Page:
Filed under: Reviews
In an effort to avoid burying the lead, I enjoyed Feast of the Seven Fishes, and there's a lot of heart to unpack. However, like many decent films, its intentions are slightly off. The film doesn't really work as a romantic comedy, but as a time capsule, it's very strong.
Writing a romantic comedy is hard. It's probably the hardest thing in storytelling. In a regular plot, every character has 90 minutes to reach their goal, and that's tricky enough. In a rom-com, every character's objective is love, but they each need a second goal to seem well-rounded. Simply put, you have to achieve twice as much in the same amount of time. It's really hard. Normally we're just talking about two characters, but this film tries to pull off arches for at least 4-5 characters! That's like trying to jump the grand canyon on a dirt bike. The attempt itself should be applauded. Unfortunately, it puts the film in a time crunch, and rom-coms are forced to use character tropes to speed up the pacing. I'll give you the main two, and one side character (just because it's my favourite type).
Tony (Catholic): A small town kid who thinks no one will accept his dream to go to art school (even though he's never actually asked anyone). He is already blatantly talented. Tony's biggest flaw is that he's too considerate and loves helping people (deal breaker, I know).
Beth (Protestant): An upper class girl, home from an elite private school for Christmas break. Her mother wants her to marry for money, but Beth dreams of real love, and to be more than just somebody's wife! That said, her only goal is to meet a nice guy, and she spends a good chunk of time just learning how to cook.
Juke: The sensitive intellectual, who doesn't realize he's hot! Except that the actor portraying him (Josh Helman) is mostly known for big budget action movies. This dude is jacked, and has a jawline that could cut glass. Juke can get it.
Now you might be asking, "What is the Feast of the Seven Fishes?" Nobody in the film actually knows, except that Roman Catholics eat seven different kinds of fish for Christmas dinner. "So, it's a Christmas movie?" In so much as it's sad to be alone around the holidays, yes.
The charm of this film is that it's a sincere love letter to a time in writer-director Robert Tinnell's childhood. "So 1983 is essential to the story, and a source of inspiration/humour?" Not so much. It's a portrait of nineteen; when you suddenly think of leaving home for the first time and begin to make your own choices. These are the last years that family have a major influence. It's bittersweet. All this is shot with the understated beauty of someone who truly knows his home town. By the end, I wanted to visit rural Pittsburgh. That's how good the cinematography was.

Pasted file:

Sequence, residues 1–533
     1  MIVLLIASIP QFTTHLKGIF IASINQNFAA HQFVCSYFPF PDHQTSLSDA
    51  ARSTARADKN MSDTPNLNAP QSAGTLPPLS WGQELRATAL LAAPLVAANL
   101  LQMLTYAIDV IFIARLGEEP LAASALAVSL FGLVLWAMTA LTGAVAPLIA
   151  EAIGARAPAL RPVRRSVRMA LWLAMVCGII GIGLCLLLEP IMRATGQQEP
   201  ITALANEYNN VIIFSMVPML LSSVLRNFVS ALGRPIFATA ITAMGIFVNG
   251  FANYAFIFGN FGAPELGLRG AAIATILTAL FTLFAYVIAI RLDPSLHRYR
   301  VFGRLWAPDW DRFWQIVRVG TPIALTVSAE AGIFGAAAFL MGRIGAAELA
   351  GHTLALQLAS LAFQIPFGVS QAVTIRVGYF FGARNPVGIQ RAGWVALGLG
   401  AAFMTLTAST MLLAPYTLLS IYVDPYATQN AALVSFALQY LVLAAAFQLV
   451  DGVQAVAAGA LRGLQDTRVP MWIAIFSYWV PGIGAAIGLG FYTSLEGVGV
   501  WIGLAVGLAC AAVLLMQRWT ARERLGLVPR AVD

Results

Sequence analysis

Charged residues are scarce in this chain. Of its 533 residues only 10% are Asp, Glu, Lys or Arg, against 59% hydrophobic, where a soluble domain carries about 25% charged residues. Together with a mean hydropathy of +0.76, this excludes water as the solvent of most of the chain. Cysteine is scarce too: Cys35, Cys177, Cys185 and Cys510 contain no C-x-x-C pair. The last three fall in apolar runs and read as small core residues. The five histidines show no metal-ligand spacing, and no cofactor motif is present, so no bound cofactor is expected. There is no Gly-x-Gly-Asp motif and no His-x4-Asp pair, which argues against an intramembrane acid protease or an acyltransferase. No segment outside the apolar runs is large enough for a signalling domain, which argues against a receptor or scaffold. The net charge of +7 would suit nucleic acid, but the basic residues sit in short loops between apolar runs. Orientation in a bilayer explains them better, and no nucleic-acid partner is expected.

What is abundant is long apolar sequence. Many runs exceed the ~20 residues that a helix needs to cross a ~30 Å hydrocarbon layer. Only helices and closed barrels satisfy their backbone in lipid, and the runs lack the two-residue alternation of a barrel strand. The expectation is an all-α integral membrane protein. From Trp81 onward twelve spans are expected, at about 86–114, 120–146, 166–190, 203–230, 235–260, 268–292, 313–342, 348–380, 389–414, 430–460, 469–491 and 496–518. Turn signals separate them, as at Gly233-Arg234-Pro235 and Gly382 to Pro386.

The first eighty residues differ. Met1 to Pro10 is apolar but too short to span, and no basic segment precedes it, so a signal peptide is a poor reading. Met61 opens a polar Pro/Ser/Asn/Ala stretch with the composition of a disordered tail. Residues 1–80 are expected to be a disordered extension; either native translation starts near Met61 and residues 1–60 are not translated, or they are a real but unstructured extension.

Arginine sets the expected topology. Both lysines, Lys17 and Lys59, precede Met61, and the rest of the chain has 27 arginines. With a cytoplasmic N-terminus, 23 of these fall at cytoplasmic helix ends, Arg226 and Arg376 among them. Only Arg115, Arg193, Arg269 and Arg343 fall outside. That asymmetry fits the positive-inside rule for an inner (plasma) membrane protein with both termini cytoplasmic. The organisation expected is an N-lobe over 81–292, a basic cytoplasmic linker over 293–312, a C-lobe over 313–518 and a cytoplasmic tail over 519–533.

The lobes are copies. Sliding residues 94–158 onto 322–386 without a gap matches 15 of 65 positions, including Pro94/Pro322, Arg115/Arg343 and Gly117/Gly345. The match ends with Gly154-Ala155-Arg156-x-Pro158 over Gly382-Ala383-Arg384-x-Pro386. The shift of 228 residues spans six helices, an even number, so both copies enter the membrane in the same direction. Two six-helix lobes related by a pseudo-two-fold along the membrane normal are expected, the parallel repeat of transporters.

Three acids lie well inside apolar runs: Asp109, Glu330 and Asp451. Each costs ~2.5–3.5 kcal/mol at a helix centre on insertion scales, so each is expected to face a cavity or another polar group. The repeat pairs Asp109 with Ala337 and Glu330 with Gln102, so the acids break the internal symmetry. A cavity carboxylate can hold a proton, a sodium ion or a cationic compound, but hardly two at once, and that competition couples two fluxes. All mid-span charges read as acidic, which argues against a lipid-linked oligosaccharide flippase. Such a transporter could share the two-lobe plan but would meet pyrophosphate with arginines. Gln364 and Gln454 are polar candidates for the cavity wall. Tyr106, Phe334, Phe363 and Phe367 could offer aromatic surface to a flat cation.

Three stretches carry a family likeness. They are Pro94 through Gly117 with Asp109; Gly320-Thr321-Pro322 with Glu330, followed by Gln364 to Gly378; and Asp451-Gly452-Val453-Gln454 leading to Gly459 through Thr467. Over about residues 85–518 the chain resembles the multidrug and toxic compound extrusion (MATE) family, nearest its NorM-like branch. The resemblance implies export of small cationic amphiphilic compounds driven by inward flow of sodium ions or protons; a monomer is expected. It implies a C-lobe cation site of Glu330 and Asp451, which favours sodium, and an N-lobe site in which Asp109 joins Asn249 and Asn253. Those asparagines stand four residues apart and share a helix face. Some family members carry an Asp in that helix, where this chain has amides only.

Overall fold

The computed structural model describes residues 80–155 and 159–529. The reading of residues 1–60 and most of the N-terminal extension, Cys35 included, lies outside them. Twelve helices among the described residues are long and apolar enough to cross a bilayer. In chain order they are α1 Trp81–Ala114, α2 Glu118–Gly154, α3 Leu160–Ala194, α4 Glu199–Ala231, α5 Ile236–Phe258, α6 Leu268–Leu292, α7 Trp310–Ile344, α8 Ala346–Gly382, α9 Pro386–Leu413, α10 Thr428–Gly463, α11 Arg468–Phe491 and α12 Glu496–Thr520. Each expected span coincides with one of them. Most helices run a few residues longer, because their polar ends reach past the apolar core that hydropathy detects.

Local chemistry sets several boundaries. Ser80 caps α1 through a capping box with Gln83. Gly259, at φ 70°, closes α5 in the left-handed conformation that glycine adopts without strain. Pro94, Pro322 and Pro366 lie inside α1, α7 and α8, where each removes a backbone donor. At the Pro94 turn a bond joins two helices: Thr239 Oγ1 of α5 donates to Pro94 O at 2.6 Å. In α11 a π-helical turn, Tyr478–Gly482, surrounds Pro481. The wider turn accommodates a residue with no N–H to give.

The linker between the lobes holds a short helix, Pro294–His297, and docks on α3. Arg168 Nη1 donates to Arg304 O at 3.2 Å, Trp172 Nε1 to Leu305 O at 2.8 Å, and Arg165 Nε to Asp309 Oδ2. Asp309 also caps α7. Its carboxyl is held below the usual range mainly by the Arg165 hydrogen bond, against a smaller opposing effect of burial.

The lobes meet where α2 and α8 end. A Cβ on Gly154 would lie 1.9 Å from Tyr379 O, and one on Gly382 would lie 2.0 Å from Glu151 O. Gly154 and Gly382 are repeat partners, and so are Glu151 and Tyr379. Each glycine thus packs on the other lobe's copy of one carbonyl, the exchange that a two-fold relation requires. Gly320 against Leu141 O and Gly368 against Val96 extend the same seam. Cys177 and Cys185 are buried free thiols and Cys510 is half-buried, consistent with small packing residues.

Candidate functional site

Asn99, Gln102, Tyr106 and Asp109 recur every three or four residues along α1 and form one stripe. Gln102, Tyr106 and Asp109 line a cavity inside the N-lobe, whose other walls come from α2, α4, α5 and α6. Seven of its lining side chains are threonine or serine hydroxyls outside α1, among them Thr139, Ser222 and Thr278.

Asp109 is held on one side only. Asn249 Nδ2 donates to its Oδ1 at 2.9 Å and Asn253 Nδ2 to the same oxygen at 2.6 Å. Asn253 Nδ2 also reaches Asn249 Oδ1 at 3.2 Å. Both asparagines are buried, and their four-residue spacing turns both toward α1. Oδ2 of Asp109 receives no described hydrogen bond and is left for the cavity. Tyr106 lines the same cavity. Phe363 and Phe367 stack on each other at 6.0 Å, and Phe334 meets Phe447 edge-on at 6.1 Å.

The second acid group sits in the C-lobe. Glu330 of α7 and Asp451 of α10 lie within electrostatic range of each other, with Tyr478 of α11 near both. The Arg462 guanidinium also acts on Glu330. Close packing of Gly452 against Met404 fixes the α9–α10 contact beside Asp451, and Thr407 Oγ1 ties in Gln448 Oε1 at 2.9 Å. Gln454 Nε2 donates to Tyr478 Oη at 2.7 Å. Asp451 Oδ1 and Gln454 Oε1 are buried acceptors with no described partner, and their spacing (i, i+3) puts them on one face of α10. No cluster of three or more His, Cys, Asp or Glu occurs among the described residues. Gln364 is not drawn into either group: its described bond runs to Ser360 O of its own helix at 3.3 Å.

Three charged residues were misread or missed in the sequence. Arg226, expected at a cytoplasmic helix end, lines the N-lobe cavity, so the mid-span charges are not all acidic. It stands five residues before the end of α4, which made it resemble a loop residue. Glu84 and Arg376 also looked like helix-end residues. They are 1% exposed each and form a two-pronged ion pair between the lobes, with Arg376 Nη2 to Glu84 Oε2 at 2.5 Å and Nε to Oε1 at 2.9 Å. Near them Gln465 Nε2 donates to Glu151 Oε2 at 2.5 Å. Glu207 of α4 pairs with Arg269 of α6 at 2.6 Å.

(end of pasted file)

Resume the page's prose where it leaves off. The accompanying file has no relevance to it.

I know I warned about archetypes, but the way these characters interact is so relatable. The fact that we can still get this out of tropes is commendable. I am in awe of that skill. The cast is mostly character actors, but remain grounded in reality. You knew these people growing up. A special mention is owed to the family, because the rhythms and dynamics are very genuine. As someone who grew up in a family that was French Catholic and Irish Protestant, the cultural tension is real. Feast of the Seven Fishes made me home sick for the first time in 4 years. I wasn't just nostalgic, I specifically missed being 19 years old.
The fact remains, there is no real conflict. I never felt the characters were in any danger or questioned the decisions they were making. To be frank, the two main plot points are actually resolved off screen. We never see the choices or their dramatic ramifications, and they're only ever mentioned in passing. But in 2020, after 7 months of isolation, if you said, "Do you wanna watch a movie where sincere people try to be kind to each other and find love in breathtaking scenery?"
Yeah, I want to watch that.
Feast of the Seven Fishes is playing as part of Devour! 9.5, a hybrid in-person/online version of Nova Scotia's annual Devour! The Food Film Fest that includes online screenings, workshops, and special programming so foodies and cinephiles around the world can experience the festival. With this new online component, anyone can attend virtually from October 21-25, 2020. For information on the local and online schedule, or to buy tickets, visit devourfest.com.